TACCP and VACCP
All food manufacturing and production carries a certain degree of risk. That’s why we have food safety regulations and certain industry standards which must be adhered to. We put risk management systems in place, such as HACCP which is there to prevent food-borne illnesses and accidental hazards. Through an effective HACCP system critical control points, where the risk to food safety is high, can be identified and measures put in place to ensure that the end product is safe to eat.
Food fraud – deliberate adulteration
Nowadays, it’s not simply enough to have a fully-documented HACCP system. The horsemeat scandal of 2013, brought into sharp focus the very real threat of food fraud. Since the meat used for items such as lasagne and beef burgers was minced it was not easy to identify as another species. Whilst eating horsemeat is not dangerous, the fact that it was being ‘passed off’ as something else was of grave concern. We have also seen other much more dangerous substitutions hitting the headlines. For example, baby milk being adulterated with melamine in China.
Food manufacturers and producers need to be on their guard against the threat of food fraud and need to assess their vulnerability to it. They need to be able to trace and verify that ingredients are authentic throughout the supply chain. TACCP – which stands for Threat Assessment Critical Control Points – is now an essential part of food safety management and is required under BRC Issue 7.
The difference between threats,
risks and vulnerability
There is a distinct difference between threats, vulnerability and risk. ‘Risk’ is generally data-driven and has occurred previously. ‘Threat’ is the chance of a risk occurring. ‘Vulnerability’ is a weakness which can lead to a risk. In other words, it’s a chink in the armour which somebody can exploit. They may want to make a greater profit – e.g. by substituting one ingredient for a cheaper one. Or their intentions could be more sinister.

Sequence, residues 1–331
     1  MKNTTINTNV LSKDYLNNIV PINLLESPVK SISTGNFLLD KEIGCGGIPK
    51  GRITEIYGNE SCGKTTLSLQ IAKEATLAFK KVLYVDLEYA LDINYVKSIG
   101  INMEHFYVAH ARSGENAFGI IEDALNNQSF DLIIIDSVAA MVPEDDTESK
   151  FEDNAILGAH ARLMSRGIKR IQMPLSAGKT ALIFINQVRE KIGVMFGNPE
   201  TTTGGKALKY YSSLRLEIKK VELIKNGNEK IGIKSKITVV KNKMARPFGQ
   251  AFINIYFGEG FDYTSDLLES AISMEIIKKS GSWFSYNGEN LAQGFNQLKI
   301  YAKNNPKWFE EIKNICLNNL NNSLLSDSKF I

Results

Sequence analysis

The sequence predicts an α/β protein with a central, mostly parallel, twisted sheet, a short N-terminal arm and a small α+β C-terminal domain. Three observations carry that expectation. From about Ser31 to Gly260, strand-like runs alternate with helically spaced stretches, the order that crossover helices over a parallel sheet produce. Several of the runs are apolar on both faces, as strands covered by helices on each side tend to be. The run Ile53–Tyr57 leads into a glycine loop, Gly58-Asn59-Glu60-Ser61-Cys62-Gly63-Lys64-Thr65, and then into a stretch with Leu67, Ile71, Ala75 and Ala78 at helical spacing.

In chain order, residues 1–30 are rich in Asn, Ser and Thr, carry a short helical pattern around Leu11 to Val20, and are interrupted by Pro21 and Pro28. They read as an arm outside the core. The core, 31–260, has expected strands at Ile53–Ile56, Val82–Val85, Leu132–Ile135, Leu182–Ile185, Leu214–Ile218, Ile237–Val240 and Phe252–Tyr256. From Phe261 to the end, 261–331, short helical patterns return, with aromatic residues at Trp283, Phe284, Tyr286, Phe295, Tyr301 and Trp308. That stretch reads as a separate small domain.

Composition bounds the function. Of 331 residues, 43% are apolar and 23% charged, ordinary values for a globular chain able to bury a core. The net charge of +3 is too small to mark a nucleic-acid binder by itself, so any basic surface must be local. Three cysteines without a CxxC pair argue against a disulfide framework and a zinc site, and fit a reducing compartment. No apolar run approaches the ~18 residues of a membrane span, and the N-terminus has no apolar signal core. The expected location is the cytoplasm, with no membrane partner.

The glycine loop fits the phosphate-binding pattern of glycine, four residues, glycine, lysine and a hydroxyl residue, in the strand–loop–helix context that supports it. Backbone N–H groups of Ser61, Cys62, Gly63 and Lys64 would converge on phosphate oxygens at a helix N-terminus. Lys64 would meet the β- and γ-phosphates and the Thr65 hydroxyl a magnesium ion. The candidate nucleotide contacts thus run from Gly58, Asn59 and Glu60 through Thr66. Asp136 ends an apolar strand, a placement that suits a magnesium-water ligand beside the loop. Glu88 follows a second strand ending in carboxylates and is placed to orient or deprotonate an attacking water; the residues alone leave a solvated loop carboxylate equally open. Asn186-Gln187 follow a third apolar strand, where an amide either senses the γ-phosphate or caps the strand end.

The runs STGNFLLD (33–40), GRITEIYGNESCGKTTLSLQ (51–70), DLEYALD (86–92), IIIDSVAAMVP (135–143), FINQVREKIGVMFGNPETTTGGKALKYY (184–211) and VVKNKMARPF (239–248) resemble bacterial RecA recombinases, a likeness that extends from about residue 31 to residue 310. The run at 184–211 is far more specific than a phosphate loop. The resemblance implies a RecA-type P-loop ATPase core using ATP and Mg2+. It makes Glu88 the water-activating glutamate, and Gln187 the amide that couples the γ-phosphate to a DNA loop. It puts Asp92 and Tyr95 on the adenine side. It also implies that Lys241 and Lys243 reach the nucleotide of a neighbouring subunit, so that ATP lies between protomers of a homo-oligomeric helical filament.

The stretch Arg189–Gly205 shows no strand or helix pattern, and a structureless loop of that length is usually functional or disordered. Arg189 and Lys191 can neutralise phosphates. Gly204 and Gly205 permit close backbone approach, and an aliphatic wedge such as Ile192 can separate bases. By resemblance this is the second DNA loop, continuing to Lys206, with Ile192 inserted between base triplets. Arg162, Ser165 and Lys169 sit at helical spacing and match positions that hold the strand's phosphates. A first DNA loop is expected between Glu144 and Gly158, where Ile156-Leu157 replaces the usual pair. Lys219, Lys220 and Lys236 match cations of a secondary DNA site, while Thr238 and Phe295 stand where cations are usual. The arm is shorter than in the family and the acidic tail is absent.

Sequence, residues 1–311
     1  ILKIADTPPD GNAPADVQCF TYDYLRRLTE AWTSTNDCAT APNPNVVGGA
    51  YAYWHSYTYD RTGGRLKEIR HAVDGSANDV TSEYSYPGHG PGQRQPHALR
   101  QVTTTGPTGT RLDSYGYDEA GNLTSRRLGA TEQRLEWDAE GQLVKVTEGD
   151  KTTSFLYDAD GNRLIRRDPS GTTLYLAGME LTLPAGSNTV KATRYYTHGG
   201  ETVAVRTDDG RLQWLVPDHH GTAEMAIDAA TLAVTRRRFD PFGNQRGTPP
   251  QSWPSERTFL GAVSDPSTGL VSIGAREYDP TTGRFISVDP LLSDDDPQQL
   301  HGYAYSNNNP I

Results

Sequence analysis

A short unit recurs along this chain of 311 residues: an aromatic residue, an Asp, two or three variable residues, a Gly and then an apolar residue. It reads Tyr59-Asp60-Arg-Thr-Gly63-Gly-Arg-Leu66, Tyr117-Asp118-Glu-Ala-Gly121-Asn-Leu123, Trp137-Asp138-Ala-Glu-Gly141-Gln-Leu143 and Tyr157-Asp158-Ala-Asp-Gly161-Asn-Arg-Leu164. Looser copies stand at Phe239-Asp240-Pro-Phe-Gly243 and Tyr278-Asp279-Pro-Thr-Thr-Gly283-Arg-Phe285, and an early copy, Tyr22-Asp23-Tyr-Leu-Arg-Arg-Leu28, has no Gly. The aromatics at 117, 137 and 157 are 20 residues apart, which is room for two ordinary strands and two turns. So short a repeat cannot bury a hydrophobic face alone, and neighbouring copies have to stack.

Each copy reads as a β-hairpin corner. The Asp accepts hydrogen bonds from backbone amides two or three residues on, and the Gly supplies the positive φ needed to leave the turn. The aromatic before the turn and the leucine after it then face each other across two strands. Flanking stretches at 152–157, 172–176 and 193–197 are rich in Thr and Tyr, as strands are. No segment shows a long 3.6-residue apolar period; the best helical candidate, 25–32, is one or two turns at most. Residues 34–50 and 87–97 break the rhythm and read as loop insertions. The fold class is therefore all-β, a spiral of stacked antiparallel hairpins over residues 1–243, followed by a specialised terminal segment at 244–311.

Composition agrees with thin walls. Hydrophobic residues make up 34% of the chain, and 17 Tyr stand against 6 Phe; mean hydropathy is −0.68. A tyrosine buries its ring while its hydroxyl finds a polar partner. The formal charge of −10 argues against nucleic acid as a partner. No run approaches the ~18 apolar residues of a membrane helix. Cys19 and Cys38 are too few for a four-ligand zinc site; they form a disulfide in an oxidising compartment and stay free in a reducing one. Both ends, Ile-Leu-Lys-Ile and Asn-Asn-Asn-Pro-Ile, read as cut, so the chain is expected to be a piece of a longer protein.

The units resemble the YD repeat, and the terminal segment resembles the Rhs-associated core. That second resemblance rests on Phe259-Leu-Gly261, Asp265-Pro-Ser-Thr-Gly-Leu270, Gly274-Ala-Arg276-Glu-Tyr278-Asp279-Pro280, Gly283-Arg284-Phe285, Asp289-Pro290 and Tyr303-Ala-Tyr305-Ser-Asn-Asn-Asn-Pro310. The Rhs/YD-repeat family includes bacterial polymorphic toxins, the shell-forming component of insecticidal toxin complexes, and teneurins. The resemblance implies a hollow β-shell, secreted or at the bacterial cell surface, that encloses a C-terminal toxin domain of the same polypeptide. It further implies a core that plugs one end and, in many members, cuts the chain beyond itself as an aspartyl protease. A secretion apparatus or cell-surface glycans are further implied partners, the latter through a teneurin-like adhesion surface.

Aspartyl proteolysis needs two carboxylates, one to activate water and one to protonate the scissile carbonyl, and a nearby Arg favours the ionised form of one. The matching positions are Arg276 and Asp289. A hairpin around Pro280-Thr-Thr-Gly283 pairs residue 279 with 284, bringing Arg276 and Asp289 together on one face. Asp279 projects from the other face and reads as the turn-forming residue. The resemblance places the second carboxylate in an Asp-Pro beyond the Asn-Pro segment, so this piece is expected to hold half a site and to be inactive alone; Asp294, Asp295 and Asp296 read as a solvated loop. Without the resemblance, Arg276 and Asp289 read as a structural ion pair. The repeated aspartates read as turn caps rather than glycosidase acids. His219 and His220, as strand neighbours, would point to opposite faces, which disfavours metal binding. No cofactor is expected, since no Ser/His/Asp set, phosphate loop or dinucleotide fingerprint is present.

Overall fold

TACCP and VACCP training to meet BRC Issue 7 clause 5.4
We run TACCP and VACCP (Vulnerability Assessment and Critical Control Points) workshops on consecutive days because essentially they go hand-in-hand. Product authenticity and the assessment of vulnerability both need to be demonstrated to satisfy the requirements of BRC Issue 7 Clause 5.4.
The TACCP and VACCP workshops will give you the knowledge and tools you need to conduct threat and vulnerability assessments on raw materials. They will also enable you to identify control measures for security, premises, personnel, materials and processes and establish appropriate preventative measures. You will be able to identify the different types of fraud, their likelihood, impact and severity. Both workshops include exercises, group tasks and discussion. As with all our courses, we endeavour to include examples of direct relevance to our delegates’ businesses.
TACCP and VACCP are about more than BRC compliance
Many manufacturers will attend training because TACCP and VACCP are required for BRC Issue 7. But being able to identify, prevent and mitigate fraud within the supply chain has other far-reaching benefits. It will help to protect consumer and customer confidence in your brand. Also, it will protect public health from inferior or potentially dangerous ingredients (remember, supplier adulteration of ingredients could also mean that your product now contains allergens). Important from a business point of view, it will prevent financial losses caused by product recalls, or prosecution.
Our next VACCP and TACCP workshops run on 26th and 27th September. There are still some places left, so if you’d like to attend, please contact Claire. Tel 01756 700802 or click here to find out more.